The Sailaway Gourmet
Well, once again I was called out to aid, so am writing this from Iowa where there was some serious flooding of the Missouri River over the winter. So far, I haven’t found any particular food trend in the area I’m in. There seems to be a little bit of everything and nothing that I would consider regional. So, no Iowan recipes to come. And ah yes, it’s officially boating season. How long we have waited. I for one, am thrilled to be out on the water again. While many of us love to be aboard a boat, I know that another favorite pastime during the season is pulling on those waders and boots, grabbing the rake and going clamming. On Long Island there are many places to go as we are surrounded by water and New Jersey and Connecticut have great shorelines. Having never experienced the sport, I won’t claim to know a thing about how to find them – all I know is that depending on whether you’re after soft shell or hard shell clams, there is a big difference in how you go about getting them. All you clammer’s will know how, so we’ll just cook them here – not try to give any advice on raking. I think the most common dishes are Linguine with Clam sauce, steamers, clams on the half shell, chowder or the holiday favorite – baked clams. Doing some research, I found many other ways to enjoy them, though a lot of them are twists on the common dishes. Those are what I am going to give you this month. It’s like taking your favorite dish and saying “Hmm, what else can I put in here?”. So here we go.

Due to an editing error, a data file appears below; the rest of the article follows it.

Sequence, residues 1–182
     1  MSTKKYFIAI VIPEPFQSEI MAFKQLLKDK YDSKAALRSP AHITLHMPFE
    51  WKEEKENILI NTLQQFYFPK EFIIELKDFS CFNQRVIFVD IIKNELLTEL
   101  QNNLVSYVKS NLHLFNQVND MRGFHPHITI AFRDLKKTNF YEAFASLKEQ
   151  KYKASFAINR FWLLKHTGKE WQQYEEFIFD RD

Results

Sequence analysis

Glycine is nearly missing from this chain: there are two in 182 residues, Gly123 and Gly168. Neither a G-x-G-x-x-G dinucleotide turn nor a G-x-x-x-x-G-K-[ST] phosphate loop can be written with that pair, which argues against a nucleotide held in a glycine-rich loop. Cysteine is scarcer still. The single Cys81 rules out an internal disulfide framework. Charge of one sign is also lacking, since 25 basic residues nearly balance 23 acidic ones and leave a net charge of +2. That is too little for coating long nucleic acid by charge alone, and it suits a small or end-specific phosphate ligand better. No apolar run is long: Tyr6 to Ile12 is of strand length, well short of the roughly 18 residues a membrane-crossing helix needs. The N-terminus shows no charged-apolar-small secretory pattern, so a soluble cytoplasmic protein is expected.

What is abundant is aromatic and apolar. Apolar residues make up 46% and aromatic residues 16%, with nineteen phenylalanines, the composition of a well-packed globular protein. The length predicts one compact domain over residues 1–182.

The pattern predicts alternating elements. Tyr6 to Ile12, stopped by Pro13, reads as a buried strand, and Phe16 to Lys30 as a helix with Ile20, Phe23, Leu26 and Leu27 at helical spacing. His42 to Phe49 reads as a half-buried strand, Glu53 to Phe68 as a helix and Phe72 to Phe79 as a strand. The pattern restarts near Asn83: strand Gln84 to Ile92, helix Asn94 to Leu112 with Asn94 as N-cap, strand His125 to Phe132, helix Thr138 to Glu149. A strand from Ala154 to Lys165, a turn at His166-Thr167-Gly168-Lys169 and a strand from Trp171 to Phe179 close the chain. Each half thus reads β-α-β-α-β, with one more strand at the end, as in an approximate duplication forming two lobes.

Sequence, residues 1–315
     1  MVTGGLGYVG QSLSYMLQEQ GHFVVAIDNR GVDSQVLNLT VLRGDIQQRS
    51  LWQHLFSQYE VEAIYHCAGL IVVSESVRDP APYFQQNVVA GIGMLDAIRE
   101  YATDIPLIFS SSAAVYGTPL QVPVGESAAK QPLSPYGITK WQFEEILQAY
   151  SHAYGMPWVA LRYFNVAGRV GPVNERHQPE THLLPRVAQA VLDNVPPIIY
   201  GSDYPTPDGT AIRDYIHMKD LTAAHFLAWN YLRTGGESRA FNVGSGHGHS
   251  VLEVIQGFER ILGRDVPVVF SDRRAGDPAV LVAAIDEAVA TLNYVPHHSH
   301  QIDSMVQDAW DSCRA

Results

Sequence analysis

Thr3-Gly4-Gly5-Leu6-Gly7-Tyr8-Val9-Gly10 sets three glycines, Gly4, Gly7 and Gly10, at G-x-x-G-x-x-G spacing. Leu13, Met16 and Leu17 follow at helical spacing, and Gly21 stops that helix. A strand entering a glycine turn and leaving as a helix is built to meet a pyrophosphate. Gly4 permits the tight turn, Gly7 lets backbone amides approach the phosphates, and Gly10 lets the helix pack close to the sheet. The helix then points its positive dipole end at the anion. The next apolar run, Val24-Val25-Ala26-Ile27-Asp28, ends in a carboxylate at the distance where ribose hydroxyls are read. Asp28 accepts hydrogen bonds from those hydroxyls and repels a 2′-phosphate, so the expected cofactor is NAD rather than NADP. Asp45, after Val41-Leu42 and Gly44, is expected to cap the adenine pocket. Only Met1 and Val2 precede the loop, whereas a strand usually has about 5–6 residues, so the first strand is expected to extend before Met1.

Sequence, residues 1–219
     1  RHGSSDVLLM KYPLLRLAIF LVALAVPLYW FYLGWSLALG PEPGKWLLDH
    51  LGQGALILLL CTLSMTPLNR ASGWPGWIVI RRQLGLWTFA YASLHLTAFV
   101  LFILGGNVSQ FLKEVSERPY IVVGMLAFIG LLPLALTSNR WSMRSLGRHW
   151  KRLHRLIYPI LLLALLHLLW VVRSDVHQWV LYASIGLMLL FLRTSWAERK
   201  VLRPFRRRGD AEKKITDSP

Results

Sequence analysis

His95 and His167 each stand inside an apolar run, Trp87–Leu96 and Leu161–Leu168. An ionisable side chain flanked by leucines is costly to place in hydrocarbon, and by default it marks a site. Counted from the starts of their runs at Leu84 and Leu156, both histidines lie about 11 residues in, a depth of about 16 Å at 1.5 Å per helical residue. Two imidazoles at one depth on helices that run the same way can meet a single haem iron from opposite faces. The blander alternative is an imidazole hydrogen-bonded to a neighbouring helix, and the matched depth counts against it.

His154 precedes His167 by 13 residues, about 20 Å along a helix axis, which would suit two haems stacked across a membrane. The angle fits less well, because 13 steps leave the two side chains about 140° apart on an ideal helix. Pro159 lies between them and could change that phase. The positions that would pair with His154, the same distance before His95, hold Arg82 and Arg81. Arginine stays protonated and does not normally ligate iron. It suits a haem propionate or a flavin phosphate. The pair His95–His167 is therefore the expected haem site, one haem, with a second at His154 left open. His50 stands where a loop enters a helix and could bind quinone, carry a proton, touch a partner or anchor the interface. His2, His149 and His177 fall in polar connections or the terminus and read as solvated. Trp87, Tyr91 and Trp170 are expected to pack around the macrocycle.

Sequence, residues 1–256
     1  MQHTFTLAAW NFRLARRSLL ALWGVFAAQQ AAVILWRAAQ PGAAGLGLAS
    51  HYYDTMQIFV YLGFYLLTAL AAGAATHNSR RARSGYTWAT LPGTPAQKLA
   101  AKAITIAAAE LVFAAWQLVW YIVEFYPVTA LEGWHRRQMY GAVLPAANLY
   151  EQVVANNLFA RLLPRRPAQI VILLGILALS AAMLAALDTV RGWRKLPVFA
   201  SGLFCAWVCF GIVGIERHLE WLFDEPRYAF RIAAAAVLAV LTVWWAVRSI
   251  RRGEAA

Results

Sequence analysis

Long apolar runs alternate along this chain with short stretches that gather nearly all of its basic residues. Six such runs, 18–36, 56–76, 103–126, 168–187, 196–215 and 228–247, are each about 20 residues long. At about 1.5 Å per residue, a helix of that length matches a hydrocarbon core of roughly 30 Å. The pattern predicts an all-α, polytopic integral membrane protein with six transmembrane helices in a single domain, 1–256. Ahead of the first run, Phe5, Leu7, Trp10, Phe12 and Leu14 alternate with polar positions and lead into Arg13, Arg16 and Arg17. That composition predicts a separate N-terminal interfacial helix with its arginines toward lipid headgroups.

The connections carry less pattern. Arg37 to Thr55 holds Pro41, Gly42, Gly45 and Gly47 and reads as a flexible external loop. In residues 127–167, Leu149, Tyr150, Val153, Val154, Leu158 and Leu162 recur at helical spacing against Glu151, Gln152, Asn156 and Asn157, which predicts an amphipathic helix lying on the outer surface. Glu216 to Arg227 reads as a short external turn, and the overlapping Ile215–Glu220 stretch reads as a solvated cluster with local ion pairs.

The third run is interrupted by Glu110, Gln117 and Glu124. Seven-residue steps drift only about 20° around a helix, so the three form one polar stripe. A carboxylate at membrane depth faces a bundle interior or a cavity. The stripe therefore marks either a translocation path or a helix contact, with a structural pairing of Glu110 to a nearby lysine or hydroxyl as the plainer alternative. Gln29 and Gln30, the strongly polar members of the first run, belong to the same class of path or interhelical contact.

Linguine Pescadoro 1 (16 ounce) package linguini pasta 3 tbsp. olive oil 2 cloves garlic, minced 1/2 tsp. Italian seasoning 1/4 tsp. each of dried thyme & crushed red pepper flakes 1-28 oz. can crushed tomatoes 1-6 oz. can black olives, drained 10 oz. of whole baby clams, saving the juice when you open them 6.5 oz. minced clams, with juice 1/4 lb. small salad shrimp 1/4 lb. scallops 2 -1/2 tsp. lemon zest salt & ground black pepper to taste In a large pot of boiling salted water cook linguini until al dente. Drain. Meanwhile, in a heavy saucepan over medium heat sauté garlic in olive oil until garlic softens. Add Italian seasoning, thyme, crushed red pepper flakes, crushed tomatoes, black olives, and the juice from the clams. Simmer for 15 minutes. Mix in the whole and minced clams, shrimp, scallops, lemon zest, and salt and pepper to taste. Simmer for an additional 15 minutes or until shrimp and clams are cooked. Toss linguine with the seafood sauce and serve. Serves 4-6 East End Clam Pie (a Hamptons favorite) 3 medium russet potatoes, peeled and quartered 2 cups clam juice 5 strips bacon, cut into 1⁄2" pieces 1 medium yellow onion, peeled and finely chopped 1⁄4 cup chopped fresh parsley leaves 1 tbsp. fresh thyme leaves 3 cups shucked steamer or cherrystone clams, roughly chopped 2 tbsp. flour Salt and freshly ground black pepper 2 tbsp. chilled butter, cut into small pieces 2 - Homemade or store bought 9” pie crusts Boil potatoes in clam juice in a covered pot over medium heat until soft, about 30 minutes. Drain, lightly mash with a fork, and set aside. While potatoes are cooking, sauté bacon in a skillet over medium-low heat until crisp, about 7 minutes. Transfer bacon to a paper towel. Add onions to bacon fat and sauté until golden, about 15 minutes. Mix together bacon, onions, parsley, thyme, clams, flour, and potatoes in a bowl. Season with salt and pepper to taste. Preheat oven to 400°. Roll out dough on a lightly floured surface into two 12" circles. Fit 1 circle into a 9" deep-dish pie pan. Add clam filling, mounding it in the center. Top with butter. Lay remaining dough over filling. Trim dough, leaving about 1" around edge; fold under and crimp two layers together. Make a little hole in center of pie to allow steam to escape. Bake until golden, 50-55 minutes.